Filed Under Lewistown

Judith Place Historic District

Then a “suburb” of Lewistown, the Judith Place Addition was platted in 1911 to provide “up to date” residences for the growing town’s middle-class families. With Craftsman-style designs mostly from architectural pattern books, no two homes are exact duplicates, but a number share the same floor plan. Notable Craftsman features include wood frame construction, wide front porches with square or battered support columns, exposed rafter tails, and decorative beams or braces. Detailing influenced by the Prairie style shows in gently pitched, overhanging roofs and window banding. In 1912, the idea of a planned development was innovative when the Empire Land Company (“Lewistown’s Home Builders”) advertised six-room bungalows for $3,500 and eight-room homes for $4,500, complete with electric lights and water. The district’s design cohesiveness reflects its creation during the Progressive Era, with its accent on community planning, and the national movement towards standardizing single-family homes. Locally, the district reveals the opportunity for optimism, planning, and good craftsmanship for middle-class businessmen that Lewistown experienced before World War I.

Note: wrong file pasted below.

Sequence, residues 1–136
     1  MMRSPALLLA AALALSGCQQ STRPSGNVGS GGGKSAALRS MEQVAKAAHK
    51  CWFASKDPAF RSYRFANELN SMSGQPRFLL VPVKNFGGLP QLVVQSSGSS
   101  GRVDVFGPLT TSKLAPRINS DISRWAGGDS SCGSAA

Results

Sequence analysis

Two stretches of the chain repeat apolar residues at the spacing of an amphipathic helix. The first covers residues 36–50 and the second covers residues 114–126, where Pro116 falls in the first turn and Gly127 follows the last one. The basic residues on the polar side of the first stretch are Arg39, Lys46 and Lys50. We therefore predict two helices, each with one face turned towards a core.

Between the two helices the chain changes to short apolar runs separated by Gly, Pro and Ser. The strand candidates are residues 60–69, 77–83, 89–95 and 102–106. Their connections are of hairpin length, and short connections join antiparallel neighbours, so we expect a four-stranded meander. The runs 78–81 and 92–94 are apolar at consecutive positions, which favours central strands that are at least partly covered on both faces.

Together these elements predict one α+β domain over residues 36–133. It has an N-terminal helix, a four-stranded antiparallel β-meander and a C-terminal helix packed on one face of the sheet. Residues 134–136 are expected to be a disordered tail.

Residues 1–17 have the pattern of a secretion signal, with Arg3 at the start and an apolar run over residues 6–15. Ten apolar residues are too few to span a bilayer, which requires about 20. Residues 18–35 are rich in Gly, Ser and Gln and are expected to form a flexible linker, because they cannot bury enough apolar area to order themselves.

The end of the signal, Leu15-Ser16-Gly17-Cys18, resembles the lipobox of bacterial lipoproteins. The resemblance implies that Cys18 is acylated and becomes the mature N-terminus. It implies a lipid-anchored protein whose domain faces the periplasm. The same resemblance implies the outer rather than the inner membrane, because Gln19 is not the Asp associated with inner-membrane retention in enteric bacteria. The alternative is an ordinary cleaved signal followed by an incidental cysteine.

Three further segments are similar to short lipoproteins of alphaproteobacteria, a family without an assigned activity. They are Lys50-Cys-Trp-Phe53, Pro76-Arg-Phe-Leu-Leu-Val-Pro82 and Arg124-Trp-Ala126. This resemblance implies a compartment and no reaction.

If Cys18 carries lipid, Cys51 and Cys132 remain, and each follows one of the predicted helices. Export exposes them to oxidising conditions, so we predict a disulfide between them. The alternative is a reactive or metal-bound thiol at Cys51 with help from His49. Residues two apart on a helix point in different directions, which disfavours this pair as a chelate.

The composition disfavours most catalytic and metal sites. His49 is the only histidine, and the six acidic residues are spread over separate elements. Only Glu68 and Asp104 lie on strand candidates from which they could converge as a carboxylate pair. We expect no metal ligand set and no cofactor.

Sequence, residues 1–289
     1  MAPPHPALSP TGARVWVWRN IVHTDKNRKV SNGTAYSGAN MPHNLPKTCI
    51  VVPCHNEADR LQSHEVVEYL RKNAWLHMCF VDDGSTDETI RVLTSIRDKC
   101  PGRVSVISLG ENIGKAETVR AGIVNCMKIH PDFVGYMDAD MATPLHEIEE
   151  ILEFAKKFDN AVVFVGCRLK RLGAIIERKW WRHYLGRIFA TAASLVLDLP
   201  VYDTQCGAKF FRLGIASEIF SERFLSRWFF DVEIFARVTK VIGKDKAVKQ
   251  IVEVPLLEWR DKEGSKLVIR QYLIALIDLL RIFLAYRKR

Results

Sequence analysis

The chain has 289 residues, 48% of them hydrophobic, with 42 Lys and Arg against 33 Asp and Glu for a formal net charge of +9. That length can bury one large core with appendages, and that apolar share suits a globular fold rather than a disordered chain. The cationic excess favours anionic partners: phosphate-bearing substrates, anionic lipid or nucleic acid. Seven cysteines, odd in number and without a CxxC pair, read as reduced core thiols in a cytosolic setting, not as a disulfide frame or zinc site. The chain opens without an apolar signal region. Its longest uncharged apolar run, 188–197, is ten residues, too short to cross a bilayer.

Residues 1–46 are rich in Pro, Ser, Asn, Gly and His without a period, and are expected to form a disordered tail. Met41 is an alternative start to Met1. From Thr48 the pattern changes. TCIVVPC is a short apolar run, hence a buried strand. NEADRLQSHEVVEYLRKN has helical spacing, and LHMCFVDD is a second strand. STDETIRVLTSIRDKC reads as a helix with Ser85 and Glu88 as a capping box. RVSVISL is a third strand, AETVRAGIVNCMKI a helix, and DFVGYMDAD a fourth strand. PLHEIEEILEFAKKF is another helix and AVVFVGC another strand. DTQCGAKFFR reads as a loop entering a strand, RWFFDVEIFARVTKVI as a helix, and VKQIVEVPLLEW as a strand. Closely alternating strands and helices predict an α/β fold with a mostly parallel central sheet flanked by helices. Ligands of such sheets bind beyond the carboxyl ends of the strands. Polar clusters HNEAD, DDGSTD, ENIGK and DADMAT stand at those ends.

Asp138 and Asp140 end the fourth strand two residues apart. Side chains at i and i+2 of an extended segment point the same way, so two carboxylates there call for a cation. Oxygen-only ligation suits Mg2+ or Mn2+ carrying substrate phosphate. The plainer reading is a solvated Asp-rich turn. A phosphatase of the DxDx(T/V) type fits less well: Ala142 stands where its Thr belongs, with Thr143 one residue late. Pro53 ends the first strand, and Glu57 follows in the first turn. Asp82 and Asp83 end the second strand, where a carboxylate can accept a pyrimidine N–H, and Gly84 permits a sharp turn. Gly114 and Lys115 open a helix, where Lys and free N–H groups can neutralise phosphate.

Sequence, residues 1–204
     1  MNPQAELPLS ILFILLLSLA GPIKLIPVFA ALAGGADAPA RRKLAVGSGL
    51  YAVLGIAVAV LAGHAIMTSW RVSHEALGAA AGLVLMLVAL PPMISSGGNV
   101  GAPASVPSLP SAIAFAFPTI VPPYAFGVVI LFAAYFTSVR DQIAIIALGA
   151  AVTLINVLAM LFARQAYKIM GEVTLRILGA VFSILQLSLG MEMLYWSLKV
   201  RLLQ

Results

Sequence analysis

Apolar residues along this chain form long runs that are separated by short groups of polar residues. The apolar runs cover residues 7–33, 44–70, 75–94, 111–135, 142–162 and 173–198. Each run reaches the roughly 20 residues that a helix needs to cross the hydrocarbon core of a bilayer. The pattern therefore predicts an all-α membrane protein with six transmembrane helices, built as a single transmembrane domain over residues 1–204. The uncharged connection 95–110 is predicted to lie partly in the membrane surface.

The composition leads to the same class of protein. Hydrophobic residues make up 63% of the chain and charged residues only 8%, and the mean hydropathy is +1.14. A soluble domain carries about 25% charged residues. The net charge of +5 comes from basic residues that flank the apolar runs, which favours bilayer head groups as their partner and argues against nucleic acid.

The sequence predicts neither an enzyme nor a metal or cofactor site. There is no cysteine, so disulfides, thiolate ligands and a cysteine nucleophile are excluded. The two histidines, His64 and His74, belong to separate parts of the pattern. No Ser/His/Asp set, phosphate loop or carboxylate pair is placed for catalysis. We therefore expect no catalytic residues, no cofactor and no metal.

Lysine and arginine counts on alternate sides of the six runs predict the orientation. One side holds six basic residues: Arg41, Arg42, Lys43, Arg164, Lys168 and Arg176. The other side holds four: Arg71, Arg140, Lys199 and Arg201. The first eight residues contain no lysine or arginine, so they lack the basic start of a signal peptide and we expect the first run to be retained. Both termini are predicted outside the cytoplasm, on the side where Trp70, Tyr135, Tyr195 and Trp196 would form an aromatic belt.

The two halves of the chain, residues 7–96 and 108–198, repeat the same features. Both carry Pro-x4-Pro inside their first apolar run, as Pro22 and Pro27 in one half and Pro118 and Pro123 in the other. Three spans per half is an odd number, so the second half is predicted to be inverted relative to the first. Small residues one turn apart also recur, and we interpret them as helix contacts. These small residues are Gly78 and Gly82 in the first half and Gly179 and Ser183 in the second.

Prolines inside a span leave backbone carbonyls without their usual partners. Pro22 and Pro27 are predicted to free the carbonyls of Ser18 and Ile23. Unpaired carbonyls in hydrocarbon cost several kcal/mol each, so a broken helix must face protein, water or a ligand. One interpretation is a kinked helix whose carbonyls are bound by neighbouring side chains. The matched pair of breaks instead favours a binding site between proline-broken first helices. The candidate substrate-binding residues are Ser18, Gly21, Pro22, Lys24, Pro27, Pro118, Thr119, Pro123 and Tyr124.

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Judith Place Historic District
Judith Place Historic District Judith Place Historic District, overview of the district featuring a home at 214 Hawthorne Avenue. Source: Montana History Portal Creator: Unknown Date: Unknown


East Lake Avenue and Hawthorne Avenue, Lewistown, Montana | Private


The Montana National Register Sign Program, “Judith Place Historic District,” Historic Montana, accessed June 17, 2024,